Bundled Offerings Find Traction in the Brazilian Telecoms Market
Published on: 26th May 2014
Note -- this news article is more than a year old.
The deployment of 3G, long term evolution, and fiber optic networks that require high bandwidth and throughput is unlocking new possibilities for telecommunication applications and services in the Brazilian consumer and business segments. The availability of economical products, in large part due to competition in the pay TV and broadband space, will encourage the uptake of telecommunication solutions and services among lower income consumers.
New analysis from Frost & Sullivan finds that the market earned revenues of $68.07 billion in 2013 and estimates this to reach $83.72 billion in 2018 at a compound annual growth rate of 4.2 percent.
The currently modest adoption rates of pay TV, fixed and mobile broadband, and value-added services point to vast untapped potential in the market. Bundling new solutions with existing ones is one way to attract consumers. Establishing novel business models such as over-the-top video services and delivering machine-to-machine and payment applications in mobile networks will also help service providers extend their reach in the Brazilian telecommunications services market.
"Telecommunications operators have put in place a combination strategy to spur revenues, providing cheaper offerings to break into under-penetrated segments, and premium offerings to enhance average revenue per user," said Frost & Sullivan Information and Communication Technologies Senior Consultant Carolina Teixeira. "They are using business and home applications pooled with IT and value-added services as loyalty tools to strengthen customer relationships."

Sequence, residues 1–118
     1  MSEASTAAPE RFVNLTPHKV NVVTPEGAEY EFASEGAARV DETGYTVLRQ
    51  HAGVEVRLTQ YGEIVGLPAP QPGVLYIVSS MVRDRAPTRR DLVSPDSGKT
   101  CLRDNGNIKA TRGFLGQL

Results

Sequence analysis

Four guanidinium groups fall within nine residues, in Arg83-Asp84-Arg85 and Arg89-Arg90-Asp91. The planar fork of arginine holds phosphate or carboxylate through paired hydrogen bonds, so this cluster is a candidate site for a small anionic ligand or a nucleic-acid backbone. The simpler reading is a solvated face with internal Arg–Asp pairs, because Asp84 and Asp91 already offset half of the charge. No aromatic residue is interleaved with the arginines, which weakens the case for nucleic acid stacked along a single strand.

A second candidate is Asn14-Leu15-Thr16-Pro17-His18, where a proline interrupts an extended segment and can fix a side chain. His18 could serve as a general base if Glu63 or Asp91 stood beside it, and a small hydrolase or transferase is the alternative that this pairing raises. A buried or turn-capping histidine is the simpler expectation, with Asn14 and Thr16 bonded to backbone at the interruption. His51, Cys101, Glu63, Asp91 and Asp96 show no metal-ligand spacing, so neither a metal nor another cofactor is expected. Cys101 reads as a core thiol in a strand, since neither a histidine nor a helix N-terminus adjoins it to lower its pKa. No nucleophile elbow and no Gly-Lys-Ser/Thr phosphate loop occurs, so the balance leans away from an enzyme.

While on the one hand participants are creatively transforming revenue models, on the other, regulatory imbalance issues among smaller operators, high tax burden of telecom services, and spectrum and cost limitations of broadband services are curbing their market scope. The Government, along with national telecommunications regulator, Anatel, must improve regulations and enforce the National Broadband Plan to offset these challenges.
"The regulator must also stimulate infrastructure sharing to motivate competition and services growth," advised Teixeira. "Currently, telecommunications operators in the country are investing heavily in setting up their own networks, thereby reducing profitability, efficiency, and their ability to slash prices."
Within this context, over-the-top services and Internet neutrality are becoming issues of considerable significance in the dynamic Brazilian market.